When the META element was created in 1993, nobody was thinking about controlling web browswer with them; META was intended only to provide metainformation to robots and/or help authors interact with their web servers. That changed in March 1995 when Netscape released Navigator 1.1.
Realizing that server administrators almost never want to give mere users the power to rewrite server headers using the http-equiv header, Netscape decided to do an end-run around the server by letting Navigator 1.1 read and implement commands in the http-equiv headers. For better or for worse, that unleashed a slew of half-baked ideas for using META to control browsers, not all of which are Netscape's. (In fact, Microsoft uses META headers more often than Netscape.)
In theory, any server-side HTTP header can be re-implemented as an HTML META header, but most browsers only recognize a few. On the other hand, most browsers accept a variety instruction that don't have server equivilents. This list only includes browser-affecting META tags recommended by HTML specifications, and/or those META values known to actually effect browsers (or their plugins).
Bulletin-Text, Bulletin-Image, and Bulletin-Date were used by page authors to inform users of the First Floor Software's Smart Bookmarks (a browser bookmark-monitoring utility) of updates to a site. Bulletin-Text contained the message to be sent to SmartMarks users, while Bulletin-Date informed them when the message was written. I'm not actually sure what Bulletin-Image was for.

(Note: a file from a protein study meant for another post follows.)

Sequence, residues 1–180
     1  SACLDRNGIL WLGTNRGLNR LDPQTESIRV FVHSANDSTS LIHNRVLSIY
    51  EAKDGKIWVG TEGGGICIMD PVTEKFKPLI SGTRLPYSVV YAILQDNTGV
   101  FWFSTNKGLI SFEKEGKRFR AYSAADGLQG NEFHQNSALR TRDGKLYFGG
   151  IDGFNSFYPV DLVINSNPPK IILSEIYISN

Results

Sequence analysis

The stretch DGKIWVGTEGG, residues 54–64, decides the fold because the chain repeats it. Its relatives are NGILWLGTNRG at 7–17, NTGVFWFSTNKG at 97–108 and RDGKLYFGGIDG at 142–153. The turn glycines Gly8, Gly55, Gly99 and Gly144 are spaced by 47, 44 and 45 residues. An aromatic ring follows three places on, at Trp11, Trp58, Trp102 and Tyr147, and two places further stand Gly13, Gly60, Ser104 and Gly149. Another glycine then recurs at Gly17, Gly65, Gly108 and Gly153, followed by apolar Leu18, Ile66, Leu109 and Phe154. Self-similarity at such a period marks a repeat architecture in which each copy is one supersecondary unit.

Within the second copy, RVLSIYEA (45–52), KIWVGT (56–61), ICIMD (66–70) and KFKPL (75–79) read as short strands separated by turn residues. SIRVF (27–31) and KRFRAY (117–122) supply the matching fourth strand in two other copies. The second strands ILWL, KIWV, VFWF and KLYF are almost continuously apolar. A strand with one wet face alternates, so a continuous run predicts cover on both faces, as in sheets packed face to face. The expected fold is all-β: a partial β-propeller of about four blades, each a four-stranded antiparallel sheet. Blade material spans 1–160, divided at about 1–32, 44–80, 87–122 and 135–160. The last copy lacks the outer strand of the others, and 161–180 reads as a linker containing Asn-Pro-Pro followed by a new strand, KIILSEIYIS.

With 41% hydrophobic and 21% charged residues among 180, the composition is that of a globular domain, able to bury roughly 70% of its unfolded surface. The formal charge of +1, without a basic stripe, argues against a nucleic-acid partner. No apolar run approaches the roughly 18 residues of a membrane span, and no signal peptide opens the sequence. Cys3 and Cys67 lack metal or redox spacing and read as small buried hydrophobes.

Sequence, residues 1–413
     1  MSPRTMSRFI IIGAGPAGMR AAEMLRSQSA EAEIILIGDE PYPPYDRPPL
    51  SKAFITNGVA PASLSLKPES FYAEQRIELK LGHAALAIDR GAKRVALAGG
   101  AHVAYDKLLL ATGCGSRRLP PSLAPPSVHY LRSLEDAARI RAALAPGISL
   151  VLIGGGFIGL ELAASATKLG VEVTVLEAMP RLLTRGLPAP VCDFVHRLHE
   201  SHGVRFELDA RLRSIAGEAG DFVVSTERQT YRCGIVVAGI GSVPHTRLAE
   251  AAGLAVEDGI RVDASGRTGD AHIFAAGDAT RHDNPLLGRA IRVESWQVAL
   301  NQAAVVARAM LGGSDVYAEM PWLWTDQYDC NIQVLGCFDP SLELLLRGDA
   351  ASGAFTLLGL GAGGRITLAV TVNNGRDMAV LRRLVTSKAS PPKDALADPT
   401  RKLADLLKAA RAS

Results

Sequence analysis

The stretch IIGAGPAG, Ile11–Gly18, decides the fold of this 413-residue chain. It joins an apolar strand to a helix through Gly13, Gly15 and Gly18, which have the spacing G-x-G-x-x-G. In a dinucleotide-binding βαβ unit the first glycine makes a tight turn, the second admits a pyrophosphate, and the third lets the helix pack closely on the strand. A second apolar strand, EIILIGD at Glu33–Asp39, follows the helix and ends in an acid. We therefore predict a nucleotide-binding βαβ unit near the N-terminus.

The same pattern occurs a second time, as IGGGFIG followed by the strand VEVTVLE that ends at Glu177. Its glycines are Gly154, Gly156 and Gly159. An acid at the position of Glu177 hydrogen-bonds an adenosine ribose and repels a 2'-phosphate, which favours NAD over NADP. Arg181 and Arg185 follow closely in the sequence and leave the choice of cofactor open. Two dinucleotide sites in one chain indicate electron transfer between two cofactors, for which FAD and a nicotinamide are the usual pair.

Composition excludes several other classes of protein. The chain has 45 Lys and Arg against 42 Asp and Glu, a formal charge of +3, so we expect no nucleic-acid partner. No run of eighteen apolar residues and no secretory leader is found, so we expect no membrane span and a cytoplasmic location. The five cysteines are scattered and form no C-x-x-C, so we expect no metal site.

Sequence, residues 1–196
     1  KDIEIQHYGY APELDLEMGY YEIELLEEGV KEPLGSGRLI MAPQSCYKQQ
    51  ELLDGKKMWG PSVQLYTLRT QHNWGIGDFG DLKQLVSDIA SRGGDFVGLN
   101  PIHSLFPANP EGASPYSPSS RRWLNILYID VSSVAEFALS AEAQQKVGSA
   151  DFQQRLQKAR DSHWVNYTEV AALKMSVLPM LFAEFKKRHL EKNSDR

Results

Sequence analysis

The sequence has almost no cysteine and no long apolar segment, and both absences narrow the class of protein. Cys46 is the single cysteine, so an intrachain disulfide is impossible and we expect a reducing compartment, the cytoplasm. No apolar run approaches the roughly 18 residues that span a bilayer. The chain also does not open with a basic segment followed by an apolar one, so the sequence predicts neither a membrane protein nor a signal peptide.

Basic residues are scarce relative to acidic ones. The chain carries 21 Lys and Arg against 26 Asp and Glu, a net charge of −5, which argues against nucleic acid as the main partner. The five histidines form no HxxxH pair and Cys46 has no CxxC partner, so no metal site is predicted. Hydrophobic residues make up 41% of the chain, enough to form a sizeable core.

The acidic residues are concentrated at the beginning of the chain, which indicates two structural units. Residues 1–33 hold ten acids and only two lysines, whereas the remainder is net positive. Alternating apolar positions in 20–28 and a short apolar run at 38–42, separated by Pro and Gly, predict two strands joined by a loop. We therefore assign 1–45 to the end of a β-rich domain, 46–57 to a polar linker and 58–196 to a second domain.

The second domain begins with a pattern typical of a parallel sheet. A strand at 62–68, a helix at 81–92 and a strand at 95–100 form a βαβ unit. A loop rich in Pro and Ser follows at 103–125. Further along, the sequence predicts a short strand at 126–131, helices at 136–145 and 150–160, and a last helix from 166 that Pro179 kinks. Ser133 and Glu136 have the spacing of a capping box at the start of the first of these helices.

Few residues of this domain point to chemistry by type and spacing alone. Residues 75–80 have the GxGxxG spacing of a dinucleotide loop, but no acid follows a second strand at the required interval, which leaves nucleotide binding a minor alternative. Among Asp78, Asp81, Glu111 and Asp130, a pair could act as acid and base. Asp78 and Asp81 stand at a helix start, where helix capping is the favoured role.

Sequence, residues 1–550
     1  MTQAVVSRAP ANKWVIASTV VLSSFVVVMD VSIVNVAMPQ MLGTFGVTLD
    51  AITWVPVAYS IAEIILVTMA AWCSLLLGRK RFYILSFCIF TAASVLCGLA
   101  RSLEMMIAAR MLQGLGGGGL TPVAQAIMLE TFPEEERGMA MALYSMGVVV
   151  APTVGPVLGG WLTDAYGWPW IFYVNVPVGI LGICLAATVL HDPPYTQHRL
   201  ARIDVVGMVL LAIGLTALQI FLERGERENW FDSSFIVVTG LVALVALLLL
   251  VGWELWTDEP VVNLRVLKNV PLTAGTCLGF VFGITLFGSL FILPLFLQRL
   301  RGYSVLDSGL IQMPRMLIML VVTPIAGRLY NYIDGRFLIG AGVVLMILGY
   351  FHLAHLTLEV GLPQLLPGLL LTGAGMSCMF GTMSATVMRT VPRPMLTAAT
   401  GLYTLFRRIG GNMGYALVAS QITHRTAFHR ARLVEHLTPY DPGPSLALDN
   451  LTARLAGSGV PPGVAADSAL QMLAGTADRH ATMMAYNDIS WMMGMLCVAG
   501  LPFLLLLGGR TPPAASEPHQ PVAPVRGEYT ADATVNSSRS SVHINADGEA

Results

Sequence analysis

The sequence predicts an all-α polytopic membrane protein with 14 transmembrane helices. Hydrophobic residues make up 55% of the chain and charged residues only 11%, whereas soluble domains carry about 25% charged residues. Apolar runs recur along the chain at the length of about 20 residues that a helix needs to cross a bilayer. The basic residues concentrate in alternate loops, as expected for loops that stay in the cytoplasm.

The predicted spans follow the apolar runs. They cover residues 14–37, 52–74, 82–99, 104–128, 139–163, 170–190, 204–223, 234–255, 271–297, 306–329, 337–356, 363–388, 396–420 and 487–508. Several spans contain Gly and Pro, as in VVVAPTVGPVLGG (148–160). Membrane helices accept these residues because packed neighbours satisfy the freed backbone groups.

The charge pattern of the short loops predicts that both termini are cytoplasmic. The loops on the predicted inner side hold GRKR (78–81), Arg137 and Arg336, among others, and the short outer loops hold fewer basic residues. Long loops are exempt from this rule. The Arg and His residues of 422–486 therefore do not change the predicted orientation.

In the mid-1990s, at least two authoring programs (HoTMetaL PRO and Lotus Notes) encouraged web authors to use the Bulletin tags, so they occasionally pop up on old web pages. Smart Bookmarks is no longer available, except for the free evaluation version, which is still found at one or two software archives.
The concept of using META tags to send news bulletins to readers was resurrected by the web directory NetInsert, who use a news tag for a similar purpose.
Reference: HoTMetaL PRO 3.0: Extensions to HTML
Reference: HTML 4.0: The default scripting language
The HTML 4.0 specifications also state that Content-Style- Type should be used to designate the default style sheet language for a document. As with the Content-Script-Type, the content is a MIME content type; the content type for CSS is text/css.
The Content-Style-Type header isn't necessary if you use external style sheets (LINK has a type attribute for declaring content-types) or place your style sheets inside the SCRIPT element (which also has a type attribute). On the other hand, if you're using the style attribute to add styles to individual HTML elements, Content-Style-Type must be used to indicate which style sheet language the style attribute uses. (While current browsers seem to assume CSS is the only choice, there are other choices. If you use the style attribute, you should start setting Content-Style-Type now, so that your pages remain compatible with any future browser implementing multiple style sheet languages.)